January 24, 2022

Uber ordered to pay £800k to blind passenger denied rides with her dog 14 times

Uber has been ordered to pay US $1.1million (£800,000) for a blind passenger after drivers refused to give her rides with he guide dog on 14 separate occasions, according to reports.

The ride-sharing service was found to have discriminated against San Francisco Bay Area resident Lisa Irving after drivers declined to pick her up while she had her guide dog, according to US media reports.

Ms Irving relies on her service dog, Bernie, to help her get around and had brought the claim against Uber in 2018 after she was repeatedly denied lifts.

She claimed her repeated bids to hail a ride with her dog were repeatedly knocked back, leaving her stranded late at night and had run late to work – which eventually contributed to her being sacked.

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Uber logo on United States flag
The Uber customer won after an arbitrator ruled the company could be held accountable for civil rights violations by its drivers

She also claimed she was verbally abused and intimidated by drivers, which had not stopped after she complained to Uber, her lawyers told news website Insider.

“She was either denied a ride altogether or harassed by Uber drivers not wanting to transport her with her guide dog,” the arbitrator’s ruling said, according to the site.

An independent arbitrator rejected Uber’s argument that it wasn’t liable for discrimination by drivers against customers because they are independent ‘contractors.’

Catherine Cabalo, one of Irving’s attorneys, said in a statement to media that under United States civil rights federal law protecting people with disabilities, the blind and visually impaired are entitled to take their service animals on transport.

Under the Americans with Disabilities Act (ADA) it is illegal for transport operators subject to the law it’s illegal to refuse to transport people travelling with their guide dogs.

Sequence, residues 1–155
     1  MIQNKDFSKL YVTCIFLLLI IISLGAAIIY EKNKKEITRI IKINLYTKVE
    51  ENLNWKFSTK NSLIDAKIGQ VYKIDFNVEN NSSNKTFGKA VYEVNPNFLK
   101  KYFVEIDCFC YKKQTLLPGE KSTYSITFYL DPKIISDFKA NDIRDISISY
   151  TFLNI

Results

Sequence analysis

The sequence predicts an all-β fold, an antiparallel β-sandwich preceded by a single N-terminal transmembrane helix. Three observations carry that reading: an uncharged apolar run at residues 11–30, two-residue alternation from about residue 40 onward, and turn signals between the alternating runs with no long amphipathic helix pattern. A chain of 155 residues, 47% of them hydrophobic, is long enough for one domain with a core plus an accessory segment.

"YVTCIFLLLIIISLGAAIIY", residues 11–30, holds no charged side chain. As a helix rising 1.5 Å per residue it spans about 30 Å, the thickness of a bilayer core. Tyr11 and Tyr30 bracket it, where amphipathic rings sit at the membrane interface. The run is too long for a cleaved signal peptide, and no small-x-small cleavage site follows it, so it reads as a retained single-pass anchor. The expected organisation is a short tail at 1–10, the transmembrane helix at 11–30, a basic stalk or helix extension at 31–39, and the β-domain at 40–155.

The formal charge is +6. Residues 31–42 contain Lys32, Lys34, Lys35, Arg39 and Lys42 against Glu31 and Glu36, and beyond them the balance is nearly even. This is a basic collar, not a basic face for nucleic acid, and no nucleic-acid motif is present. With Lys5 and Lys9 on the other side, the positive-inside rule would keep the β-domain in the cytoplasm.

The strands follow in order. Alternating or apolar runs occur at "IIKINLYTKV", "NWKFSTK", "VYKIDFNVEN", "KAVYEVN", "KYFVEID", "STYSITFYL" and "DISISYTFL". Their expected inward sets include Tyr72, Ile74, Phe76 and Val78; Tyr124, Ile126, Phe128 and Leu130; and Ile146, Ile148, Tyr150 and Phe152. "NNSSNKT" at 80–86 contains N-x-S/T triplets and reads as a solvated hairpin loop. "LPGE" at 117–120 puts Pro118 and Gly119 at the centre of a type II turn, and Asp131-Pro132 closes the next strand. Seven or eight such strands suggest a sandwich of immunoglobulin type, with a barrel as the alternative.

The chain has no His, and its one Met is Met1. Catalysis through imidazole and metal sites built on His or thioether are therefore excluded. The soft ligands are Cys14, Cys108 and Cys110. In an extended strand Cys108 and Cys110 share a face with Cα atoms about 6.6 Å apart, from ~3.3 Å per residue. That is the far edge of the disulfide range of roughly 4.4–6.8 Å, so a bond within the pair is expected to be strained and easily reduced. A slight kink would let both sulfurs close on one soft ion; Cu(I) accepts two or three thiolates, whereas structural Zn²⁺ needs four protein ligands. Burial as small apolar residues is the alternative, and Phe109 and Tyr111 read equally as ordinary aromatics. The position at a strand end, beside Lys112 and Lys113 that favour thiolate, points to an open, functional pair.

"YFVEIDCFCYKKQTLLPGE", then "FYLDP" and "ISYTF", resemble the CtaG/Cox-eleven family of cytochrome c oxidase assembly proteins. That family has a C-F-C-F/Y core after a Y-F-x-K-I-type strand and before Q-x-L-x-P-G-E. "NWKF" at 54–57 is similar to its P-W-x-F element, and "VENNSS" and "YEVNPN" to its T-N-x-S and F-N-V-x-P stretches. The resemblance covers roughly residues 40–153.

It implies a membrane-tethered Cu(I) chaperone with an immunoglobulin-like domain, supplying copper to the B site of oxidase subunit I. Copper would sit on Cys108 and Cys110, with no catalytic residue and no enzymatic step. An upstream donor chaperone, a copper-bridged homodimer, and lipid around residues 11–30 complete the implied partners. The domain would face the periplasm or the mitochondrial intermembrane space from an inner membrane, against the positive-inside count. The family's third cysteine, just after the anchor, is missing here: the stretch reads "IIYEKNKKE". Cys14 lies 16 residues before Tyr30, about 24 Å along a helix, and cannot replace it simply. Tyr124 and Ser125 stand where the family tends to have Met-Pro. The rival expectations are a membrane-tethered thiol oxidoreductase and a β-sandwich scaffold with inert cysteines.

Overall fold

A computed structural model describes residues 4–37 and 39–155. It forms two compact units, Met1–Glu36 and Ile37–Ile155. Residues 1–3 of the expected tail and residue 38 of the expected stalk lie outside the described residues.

An Uber car
Uber had told the arbitration its riders were independent contractors, arguing it could not be held accountable

She said ride-sharing services had a consistently poor record of handling customers with disabilities, claiming many customers had experienced open discrimination.

Uber fought the case, arguing that its drivers were independent contractors and therefore the company could not be held accountable for breaches of the ADA.

Uber’s policy for drivers prohibits discrimination in serving riders with disabilities, and has a team that handles service animal-related complaints.

Its sign-up contracts for new drivers asks them agree to transport service animals in compliance with local accessibility laws in their area.

According to Insider, the arbitrator disagreed with Uber and argued the company itself was liable for breaches of the ADA because of its “contractual supervision over its drivers and for its failure to prevent discrimination by properly training its workers.”

It is a landmark ruling against the company, as Uber has previously relied on its drivers’ contractor status to avoid responsibility for traditional employee entitlements like sick pay.

It is not the only gig economy company facing scrutiny over its employment practises.

This week, UK food delivery company Deliveroo’s London Stock Exchange debut flailed.

Its shares plunged as much as 30% after its initial public offering failed to attract strong interest after investors expressed concerns about allegations of driver exploitation.

An Uber spokesperson told the Mirror regarding the guide dog case: “We are proud Uber’s technology has helped people who are blind obtain rides and regret Ms Irving’s experience.

“Drivers using the Uber app are expected to serve riders with service animals and comply with accessibility and other laws, and we regularly provide education to drivers on that responsibility.

“Our dedicated team looks into each complaint and takes appropriate action.”

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